Tuesday, January 16, 2018

Accessories, Part 11: More Scarves and Wraps

We’re back for another installment in our fashion series on NineteenTeen focusing not on dresses and gowns (gorgeous as they are) but on the little things that complete a fashionable ensemble—hats, shoes, gloves, purses, parasols, and other accessories.

Our accessory of the week is the scarf or shawl, a particular favorite of mine (you don’t want to know how many scarves I own!) I’m not including fitted wraps or mantles (basically, colder weather wear) in this survey—we’ll look at those at a later date. In this era of no central heating, the shawl was a ubiquitous—and needed—garment. Ladies made a virtue of necessity by turning it into not only a fashion statement, but also a status indicator via expensive imported shawls from India, of silk and cashmere.

We’ll be seeing examples from 1822 through 1829. Look for lots of images rather than commentary, though I’ll try to supply original text if I have it—the point is to be able to examine multiple examples of each item. Images are drawn from my collection of prints from Ackermann’s Repository. Happy accessorizing!

Full Dress, January 1822, Ackermann’s Repository
Full shawl with decorative edging—embroidered or woven?

Evening Dress, July 1822 Ackermann’s Repository
Again, large shawl with decorative edging like that in the previous image

Walking Dress, August 1822 Ackermann’s Repository

Promenade Dress, December 1822 Ackermann’s Repository
From the accompanying text: “Long tippet and muff of chinchilla.”

Evening Dress, March 1823 Ackermann’s Repository
Appears to be a lighter weight shawl—silk?—in a tartan pattern.

Ball Dress, August 1823 Ackermann’s Repository
A light silk gauze wrap.

Evening Dress, September 1823 Ackermann’s Repository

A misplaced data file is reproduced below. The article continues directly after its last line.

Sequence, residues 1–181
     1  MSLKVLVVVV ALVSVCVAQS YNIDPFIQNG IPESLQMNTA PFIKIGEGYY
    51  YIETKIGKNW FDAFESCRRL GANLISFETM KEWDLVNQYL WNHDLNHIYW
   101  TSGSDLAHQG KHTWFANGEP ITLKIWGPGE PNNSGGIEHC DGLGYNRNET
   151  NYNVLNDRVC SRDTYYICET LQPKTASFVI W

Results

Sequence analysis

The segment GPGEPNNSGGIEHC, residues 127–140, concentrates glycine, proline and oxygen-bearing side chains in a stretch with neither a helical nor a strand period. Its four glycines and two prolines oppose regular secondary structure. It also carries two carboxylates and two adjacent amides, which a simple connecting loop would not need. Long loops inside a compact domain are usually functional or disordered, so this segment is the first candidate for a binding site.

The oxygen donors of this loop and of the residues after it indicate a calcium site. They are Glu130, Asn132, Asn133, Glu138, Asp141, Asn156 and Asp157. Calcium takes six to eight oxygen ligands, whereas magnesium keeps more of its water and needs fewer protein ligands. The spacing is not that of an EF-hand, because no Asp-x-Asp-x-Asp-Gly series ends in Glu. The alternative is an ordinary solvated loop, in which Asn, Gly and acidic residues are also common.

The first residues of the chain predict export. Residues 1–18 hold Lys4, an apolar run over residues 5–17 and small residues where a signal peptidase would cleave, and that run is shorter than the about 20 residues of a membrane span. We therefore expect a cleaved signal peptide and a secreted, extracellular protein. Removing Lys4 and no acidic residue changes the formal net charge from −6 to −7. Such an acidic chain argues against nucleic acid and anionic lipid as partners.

Evening Dress, February 1824 Ackermann’s Repository
From the accompanying text: “...lace scarf...”

Morning Dress, March 1824 Ackermann’s Repository

Evening Dress, March 1824 Ackermann’s Repository

Dinner Dress, May 1824 Ackermann’s Repository
A very large (and elaborately drawn!) lace shawl.

Ball Dress, August 1824 Ackermann’s Repository
I can’t tell if those are beads on the fringe ends, or just knots.

Evening Dress, September 1824 Ackermann’s Repository
Another silk tartan shawl or scarf.

Evening Dress, January 1825 Ackermann’s Repository

Evening Dress, July 1825 Ackermann’s Repository
Another surprisingly modern-looking scarf with knotted fringe.

Morning Dress, August 1825 Ackermann’s Repository
Perhaps a wool tartan shawl here?

Evening Dress, January 1826 Ackermann’s Repository
I wish I had the text for this one, because the coloring on the scarf is very interesting. 

Evening Dress, April 1826 Ackermann’s Repository

Ball Dress, June 1826 Ackermann’s Repository
This shawl looks almost ombre dyed!

Evening Dress, July 1826 Ackermann’s Repository

Evening Dress, August 1826 Ackermann’s Repository

Evening Dress, December 1826 Ackermann’s Repository

Evening Dress, March 1827 Ackermann’s Repository

Dinner Dress, November 1827 Ackermann’s Repository
A pretty tartan gauze scarf.

Ball Dress, March 1828 Ackermann’s Repository
From the accompanying text: “...gauze scarf...”

Evening Full Dress, September 1828 Ackermann’s Repository
Another pretty lace scarf to end with!

Any shawls or scarves you'd fancy for your wardrobe?
To be continued...


Daisy said...

I think that I want most of them for my wardrobe. I really like the way some the lighter weight ones are shone on motion. I think that the shawl with the Ball Dress 1824 is beads because of the color difference from the fringe. It looks to me like it has red beads on a yellow fringe but they could have knotted the fringe where a stripe was dyed in.

Marissa Doyle said...

I would too, Daisy, because I am the scarf queen. :) And I agree with you re the beads on the fringe in the 1824 dress.